A TRANSCONTINENTAL PERSPECTIVE ... Poet Moira Bailis (1921-2013) began writing poetry before the age of twenty in her native Ireland. Like many poets who write for the love of the art, she did not begin publishing her work extensively until later in life. Since the 1980s, she has had over 200 poetry publication credits, both in the United States and Ireland, and has authored one poetry chapbook, poems (2003). The brink of her tenth decade of life saw her still engaged in her art.
Bailis lived in Ireland, Germany, Austria, Italy, New York City, and finally, in Fort Lee, New Jersey (her home since 1966). Her poems encompass her life’s journey as well as her broad literary interests, social awareness, and activism. A lover and advocate of poetry, she taught workshops, and lectured live and on radio about poetry, poets, and writers.
David Messineo, Bailis’s friend and long-time publisher, in cooperation with the poet and her family, has assembled 450 of her collected poems into two volumes. Ireland figures large in both — a home place many times revisited over a long life, its landmarks, Celtic history, and political troubles recalled.
The second volume, It Has To Do With Seeing, has 260 poems, including some variant texts (edited by Melanie A. Pimont), and more than 80 poems concerning the poet's Irish childhood, family and friends. Poems touching on the literary life, and on writers such as Austen, Emily Brontë, Sandburg, Thoreau, Brodsky, Merrill, Williams, Frost and Dickinson are all here. Poems of nature, season, and landscape abound as well. “Closing Remarks,” a fine cluster of reflective pieces, is in the tradition of Whitman's ever-extended “Next-to-Last Thoughts.”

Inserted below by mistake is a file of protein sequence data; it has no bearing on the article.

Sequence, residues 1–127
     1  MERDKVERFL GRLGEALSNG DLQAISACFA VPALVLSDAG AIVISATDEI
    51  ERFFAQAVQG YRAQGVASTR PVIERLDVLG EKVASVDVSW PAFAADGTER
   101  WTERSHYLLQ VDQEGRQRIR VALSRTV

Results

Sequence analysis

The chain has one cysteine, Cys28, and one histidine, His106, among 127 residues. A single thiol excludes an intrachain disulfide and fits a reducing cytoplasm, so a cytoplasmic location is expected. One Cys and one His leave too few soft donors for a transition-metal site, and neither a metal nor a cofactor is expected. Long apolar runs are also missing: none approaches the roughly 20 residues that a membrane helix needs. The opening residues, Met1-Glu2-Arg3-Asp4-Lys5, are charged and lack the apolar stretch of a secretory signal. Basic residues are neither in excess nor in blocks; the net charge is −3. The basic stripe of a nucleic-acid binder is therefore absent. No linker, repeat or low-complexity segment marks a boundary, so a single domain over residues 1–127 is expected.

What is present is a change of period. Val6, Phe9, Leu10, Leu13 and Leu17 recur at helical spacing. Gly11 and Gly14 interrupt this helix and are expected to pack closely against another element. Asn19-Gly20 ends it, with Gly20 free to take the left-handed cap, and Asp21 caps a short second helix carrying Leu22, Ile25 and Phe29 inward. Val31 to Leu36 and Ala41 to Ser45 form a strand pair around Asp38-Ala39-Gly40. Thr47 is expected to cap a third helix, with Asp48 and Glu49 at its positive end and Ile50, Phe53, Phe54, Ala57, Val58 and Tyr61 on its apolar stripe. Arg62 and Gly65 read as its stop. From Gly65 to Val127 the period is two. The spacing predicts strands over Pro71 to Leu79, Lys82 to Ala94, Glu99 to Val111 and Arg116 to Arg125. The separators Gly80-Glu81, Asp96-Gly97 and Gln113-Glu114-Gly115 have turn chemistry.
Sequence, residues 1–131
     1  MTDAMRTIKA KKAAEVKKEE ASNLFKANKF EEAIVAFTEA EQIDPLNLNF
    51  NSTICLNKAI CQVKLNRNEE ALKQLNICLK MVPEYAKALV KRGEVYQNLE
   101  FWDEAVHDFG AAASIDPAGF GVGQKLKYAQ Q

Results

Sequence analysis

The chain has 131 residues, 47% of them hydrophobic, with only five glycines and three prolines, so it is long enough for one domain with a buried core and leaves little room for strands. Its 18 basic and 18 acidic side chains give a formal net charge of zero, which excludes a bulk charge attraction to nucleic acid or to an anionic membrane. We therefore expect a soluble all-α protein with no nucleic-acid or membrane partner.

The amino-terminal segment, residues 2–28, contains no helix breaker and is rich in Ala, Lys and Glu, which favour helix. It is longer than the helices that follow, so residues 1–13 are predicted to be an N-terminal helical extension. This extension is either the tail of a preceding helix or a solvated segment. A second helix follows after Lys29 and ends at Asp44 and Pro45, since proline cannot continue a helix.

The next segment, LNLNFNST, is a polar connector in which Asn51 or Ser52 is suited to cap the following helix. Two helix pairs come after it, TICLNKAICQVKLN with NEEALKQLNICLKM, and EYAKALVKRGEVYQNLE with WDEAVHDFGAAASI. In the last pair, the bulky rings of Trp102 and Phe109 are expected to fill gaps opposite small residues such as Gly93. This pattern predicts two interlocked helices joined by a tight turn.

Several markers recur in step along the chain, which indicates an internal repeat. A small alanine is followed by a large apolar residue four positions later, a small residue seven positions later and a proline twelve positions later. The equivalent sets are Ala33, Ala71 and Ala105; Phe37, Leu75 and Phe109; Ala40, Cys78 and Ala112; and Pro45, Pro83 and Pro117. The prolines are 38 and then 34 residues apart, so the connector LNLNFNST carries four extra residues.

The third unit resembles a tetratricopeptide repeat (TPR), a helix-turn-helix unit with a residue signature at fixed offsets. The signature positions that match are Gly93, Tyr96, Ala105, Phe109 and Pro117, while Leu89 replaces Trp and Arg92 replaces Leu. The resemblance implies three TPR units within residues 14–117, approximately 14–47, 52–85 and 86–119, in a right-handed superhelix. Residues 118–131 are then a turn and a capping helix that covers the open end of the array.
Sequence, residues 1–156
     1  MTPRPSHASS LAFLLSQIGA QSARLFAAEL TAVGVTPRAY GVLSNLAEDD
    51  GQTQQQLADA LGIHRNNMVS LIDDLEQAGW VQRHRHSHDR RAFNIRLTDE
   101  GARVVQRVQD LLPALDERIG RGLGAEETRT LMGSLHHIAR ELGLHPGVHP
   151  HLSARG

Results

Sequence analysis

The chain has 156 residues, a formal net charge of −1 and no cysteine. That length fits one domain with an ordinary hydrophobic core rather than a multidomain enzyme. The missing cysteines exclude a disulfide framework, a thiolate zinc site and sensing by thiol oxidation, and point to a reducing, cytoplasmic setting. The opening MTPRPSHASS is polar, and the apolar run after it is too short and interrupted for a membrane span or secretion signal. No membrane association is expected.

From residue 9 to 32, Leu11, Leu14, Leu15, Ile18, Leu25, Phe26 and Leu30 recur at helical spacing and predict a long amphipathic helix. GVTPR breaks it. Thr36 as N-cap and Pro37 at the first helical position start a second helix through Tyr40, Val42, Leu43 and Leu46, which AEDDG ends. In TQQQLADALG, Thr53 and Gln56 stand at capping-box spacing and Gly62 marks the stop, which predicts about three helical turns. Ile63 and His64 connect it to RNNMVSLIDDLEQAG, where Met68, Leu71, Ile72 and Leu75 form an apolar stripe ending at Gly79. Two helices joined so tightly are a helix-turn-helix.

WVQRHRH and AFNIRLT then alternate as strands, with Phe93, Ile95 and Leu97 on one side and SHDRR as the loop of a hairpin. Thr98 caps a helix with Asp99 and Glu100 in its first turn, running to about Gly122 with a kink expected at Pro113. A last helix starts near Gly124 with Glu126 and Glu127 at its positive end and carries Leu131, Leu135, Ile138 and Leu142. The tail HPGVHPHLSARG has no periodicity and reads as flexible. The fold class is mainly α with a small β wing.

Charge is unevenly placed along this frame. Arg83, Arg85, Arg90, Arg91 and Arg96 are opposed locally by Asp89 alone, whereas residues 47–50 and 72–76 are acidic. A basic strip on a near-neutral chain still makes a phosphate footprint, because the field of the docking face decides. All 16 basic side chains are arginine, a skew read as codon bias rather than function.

This intriguing poet, with a transcontinental perspective on the tumults of modern life and the consolations of the solitary commune with nature, bequeaths us more than eight decades of her life and thought in this two-volume set. Her many poetic friends, and readers on both sides of the Atlantic pond, can delight in this restrained and thoughtful production.